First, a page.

Despite its size and scope, DEOS is only the first phase of the Defense Department's plan to buy common communication, collaboration and productivity capabilities.
The Pentagon’s second-largest cloud computing contract to date is out for bid.
On April 26, the General Services Administration—in partnership with the Defense Department—quietly bid out its Defense Enterprise Office Solutions contract through GSA’s eBuy platform.
According to contracting documents, GSA set a ceiling of $8 billion for the contract, which will have a base period of five years and total period of performance of up to 10 years if all options are exercised.
The contract’s aim is to deliver “common communication, collaboration, and productivity capabilities that are mission-effective, efficient, more widely accessible, and facilitate [Defense] operations worldwide,” scalable to more than 3 million Defense Department consumers.
According to a GSA spokesperson, vendor responses are due by May 28.
“The DEOS commercial offering will provide the [Defense Department] with common enterprise applications and services for joint use across the [Defense Department], standardize baselines, and enable cross Department collaboration,” the RFQ states.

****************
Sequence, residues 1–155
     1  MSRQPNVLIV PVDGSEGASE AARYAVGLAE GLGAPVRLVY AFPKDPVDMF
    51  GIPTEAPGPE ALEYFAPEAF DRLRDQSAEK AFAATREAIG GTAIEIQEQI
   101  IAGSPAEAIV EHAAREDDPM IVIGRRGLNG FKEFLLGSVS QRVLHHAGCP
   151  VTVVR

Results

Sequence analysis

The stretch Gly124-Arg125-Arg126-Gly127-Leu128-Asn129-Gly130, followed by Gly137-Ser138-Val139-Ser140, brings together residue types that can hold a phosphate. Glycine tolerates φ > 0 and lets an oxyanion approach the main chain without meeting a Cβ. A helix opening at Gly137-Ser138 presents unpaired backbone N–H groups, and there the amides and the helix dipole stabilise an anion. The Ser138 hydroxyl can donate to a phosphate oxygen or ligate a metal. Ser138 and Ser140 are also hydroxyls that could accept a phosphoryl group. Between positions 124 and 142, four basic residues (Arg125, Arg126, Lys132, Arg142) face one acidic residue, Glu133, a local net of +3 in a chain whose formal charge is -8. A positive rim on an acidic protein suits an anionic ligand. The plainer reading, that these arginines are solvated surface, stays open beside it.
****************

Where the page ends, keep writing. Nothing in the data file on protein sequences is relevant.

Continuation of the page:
Despite its size and scope, DEOS is only the first phase of the Defense Department’s three-phase Enterprise Collaboration and Productivity Services, or ECAPS. The DEOS portion of ECAPS, referred to as “capability set 1,” will cover an enterprise productivity suite, messaging, content management and collaboration services. Capability sets 2 and 3 will be met through future acquisitions, but may have to be interoperable with DEOS, according to contracting documents.
Only vendors on GSA’s Schedule 70 can submit bids, and the RFQ sets stringent security requirements on industry. For example, only bids from cloud service providers that meet at least a minimum of FedRAMP moderate or have a non-Defense federal agency authority to operate, or ATO, will be considered. In addition, the winning vendor must be able to meet the Defense Department’s Impact Level 5 and 6 security requirements, which are necessary to host and store secret and top secret classified data.
The DEOS bid is the latest step in the Pentagon’s plan to develop an enterprisewide cloud for email, calendar and other collaboration tools. Originally, the Defense Information Systems Agency—the Pentagon’s IT arm—planned to bid out the contract, but the Pentagon switched gears in October, partnering with GSA instead. Most analysts expect competition among several systems integrators for DEOS, though most—if not all—are expected to make Microsoft’s Office 365 software the centerpieces of their bids.